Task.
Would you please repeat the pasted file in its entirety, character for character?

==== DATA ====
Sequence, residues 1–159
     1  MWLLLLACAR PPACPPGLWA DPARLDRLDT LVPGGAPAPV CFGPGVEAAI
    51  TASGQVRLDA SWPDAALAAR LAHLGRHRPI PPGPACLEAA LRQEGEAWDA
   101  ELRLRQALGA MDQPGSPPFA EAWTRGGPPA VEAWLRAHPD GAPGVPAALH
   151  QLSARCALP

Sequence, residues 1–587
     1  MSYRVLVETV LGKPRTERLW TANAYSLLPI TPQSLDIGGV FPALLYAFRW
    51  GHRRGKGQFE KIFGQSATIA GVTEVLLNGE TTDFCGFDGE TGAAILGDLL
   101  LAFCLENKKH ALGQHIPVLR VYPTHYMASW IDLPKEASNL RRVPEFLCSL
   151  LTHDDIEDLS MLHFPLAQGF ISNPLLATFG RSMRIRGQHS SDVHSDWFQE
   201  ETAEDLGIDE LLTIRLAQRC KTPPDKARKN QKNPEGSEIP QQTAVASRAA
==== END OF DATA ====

Sequence, residues 1–159
     1  MWLLLLACAR PPACPPGLWA DPARLDRLDT LVPGGAPAPV CFGPGVEAAI
    51  TASGQVRLDA SWPDAALAAR LAHLGRHRPI PPGPACLEAA LRQEGEAWDA
   101  ELRLRQALGA MDQPGSPPFA EAWTRGGPPA VEAWLRAHPD GAPGVPAALH
   151  QLSARCALP

Sequence, residues 1–587
     1  MSYRVLVETV LGKPRTERLW TANAYSLLPI TPQSLDIGGV FPALLYAFRW
    51  GHRRGKGQFE KIFGQSATIA GVTEVLLNGE TTDFCGFDGE TGAAILGDLL
   101  LAFCLENKKH ALGQHIPVLR VYPTHYMASW IDLPKEASNL RRVPEFLCSL
   151  LTHDDIEDLS MLHFPLAQGF ISNPLLATFG RSMRIRGQHS SDVHSDWFQE
   201  ETAEDLGIDE LLTIRLAQRC KTPPDKARKN QKNPEGSEIP QQTAVASRAA